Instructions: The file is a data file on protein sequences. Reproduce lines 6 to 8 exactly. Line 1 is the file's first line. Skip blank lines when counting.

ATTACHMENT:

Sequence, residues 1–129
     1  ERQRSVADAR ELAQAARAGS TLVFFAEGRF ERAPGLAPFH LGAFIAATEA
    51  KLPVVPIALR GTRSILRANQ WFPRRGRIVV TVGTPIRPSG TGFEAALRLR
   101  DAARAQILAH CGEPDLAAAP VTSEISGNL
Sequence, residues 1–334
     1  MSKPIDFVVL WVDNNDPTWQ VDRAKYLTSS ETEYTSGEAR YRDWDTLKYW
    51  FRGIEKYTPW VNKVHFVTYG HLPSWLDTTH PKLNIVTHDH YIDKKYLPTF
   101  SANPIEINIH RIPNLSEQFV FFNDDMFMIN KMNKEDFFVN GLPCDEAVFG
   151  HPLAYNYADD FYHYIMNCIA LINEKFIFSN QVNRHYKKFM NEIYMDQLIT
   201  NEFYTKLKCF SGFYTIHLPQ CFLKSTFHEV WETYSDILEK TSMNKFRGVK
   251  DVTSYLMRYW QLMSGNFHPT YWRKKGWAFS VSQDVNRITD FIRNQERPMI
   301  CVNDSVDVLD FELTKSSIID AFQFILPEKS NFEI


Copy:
     1  MSKPIDFVVL WVDNNDPTWQ VDRAKYLTSS ETEYTSGEAR YRDWDTLKYW
    51  FRGIEKYTPW VNKVHFVTYG HLPSWLDTTH PKLNIVTHDH YIDKKYLPTF
   101  SANPIEINIH RIPNLSEQFV FFNDDMFMIN KMNKEDFFVN GLPCDEAVFG